Defeat Duchenne Family Forum with Jacques P. Tremblay

Key Note Speaker: Dr. Jacques P. Tremblay

Presented by PTC Therapeutics and in partnership with Jesse’s Journey and La Force DMD, this unique educational event provides the opportunity for families and caregivers navigating the Duchenne journey, to come together with researchers, like Jacques P. Tremblay, clinicians, and industry professionals for a day of education and inspiration.

Our Key Note Speaker will be Dr. Jacques P. Tremblay

Dr. Jacques P. Tremblay received a Ph.D. in Neuroscience from the University of California at San Diego in 1974. Since that time, he has been at Laval University as a postdoctoral researcher, Professor and Director of the Department of Anatomy. He is currently a full Professor in the Department of Molecular Medicine. He has worked specifically on myoblast transplantation* as a treatment for Duchenne muscular dystrophy. He has conducted a Phase I clinical trial of that potential therapy and he is currently conducting with Dr. Craig Campbell a Phase I/II clinical trial of that therapeutic approach. For the last 3 years, he also worked on gene correction with the CRISPR/Cas9 technology* for Duchenne muscular dystrophy, Friedreich’s Ataxia and Familial Alzheimer’s disease. This new exciting technology permits to correct mutations responsible for many hereditary diseases.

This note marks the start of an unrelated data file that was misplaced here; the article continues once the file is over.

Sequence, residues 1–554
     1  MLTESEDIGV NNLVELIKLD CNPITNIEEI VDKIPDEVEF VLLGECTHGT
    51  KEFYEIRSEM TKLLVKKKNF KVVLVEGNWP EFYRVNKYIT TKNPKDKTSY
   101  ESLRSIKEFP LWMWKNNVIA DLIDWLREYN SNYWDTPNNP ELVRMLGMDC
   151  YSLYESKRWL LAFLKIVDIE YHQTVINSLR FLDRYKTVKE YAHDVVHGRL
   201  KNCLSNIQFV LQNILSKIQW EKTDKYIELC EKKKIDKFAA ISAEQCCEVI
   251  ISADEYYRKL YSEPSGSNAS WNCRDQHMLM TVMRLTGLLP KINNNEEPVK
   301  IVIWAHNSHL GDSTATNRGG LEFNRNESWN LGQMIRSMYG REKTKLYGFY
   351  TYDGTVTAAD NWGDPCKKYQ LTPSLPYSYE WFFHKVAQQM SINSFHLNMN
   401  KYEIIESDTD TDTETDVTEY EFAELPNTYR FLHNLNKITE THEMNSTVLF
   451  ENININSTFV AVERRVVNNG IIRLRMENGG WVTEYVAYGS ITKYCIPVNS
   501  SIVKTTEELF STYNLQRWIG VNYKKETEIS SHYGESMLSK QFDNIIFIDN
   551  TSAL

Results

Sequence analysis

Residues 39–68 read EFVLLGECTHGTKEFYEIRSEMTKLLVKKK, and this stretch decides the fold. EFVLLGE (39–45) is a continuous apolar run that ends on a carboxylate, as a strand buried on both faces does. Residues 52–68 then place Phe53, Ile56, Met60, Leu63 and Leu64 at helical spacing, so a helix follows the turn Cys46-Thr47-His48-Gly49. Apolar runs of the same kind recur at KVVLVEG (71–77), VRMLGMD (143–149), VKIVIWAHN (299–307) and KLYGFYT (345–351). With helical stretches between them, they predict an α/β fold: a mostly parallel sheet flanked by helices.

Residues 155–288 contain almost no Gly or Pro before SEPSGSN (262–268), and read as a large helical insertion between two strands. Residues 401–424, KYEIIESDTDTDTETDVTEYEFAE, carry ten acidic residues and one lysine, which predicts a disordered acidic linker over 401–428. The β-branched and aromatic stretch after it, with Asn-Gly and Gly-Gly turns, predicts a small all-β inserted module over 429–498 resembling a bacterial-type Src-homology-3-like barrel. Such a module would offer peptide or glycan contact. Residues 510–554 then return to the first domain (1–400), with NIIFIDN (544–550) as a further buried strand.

Dr. Tremblay will provide an overview of the basics of genes, messenger RNA and proteins and build a gradual understanding of how mutations in the dystrophin gene lead to Duchenne or Becker muscular dystrophy. He will then present the different therapeutic approaches currently investigated around the world: prednisone, deflazacort, myoblast transplantation, exon skipping, micro-dystrophin and correction of the dystrophin gene with the new CRISPR/Cas9 technology.

*Transplanting myoblasts

Consists of transplanting healthy muscle cells, called myoblasts, into forearm muscle in Duchenne patients and measuring muscle strength at 3 and six months posttransplantation. This trial is for patients aged 16 and over.

*CRISPR / Cas9 technology

CRISPR/cas9 technology is a technology that was first identified in bacteria. Bacteria were using this to cut up the genome of the viruses that were infecting them. About five years ago, researchers noticed that this technology allows not only to cut up virus genes but that it can also cut genes in animals, plants and especially in humans.


Viltolarsen under priority review by the FDA

The U.S. Food & Drug Administration (FDA) had accepted the filing of a New Drug Application (NDA) under the priority review for viltolarsen in patients with Duchenne Muscular Dystrophy (DMD) who are amenable to exon 53 skipping therapy.

Read the full News Release

KYOTO, Japan and PARAMUS, NJ: February 7, 2020 –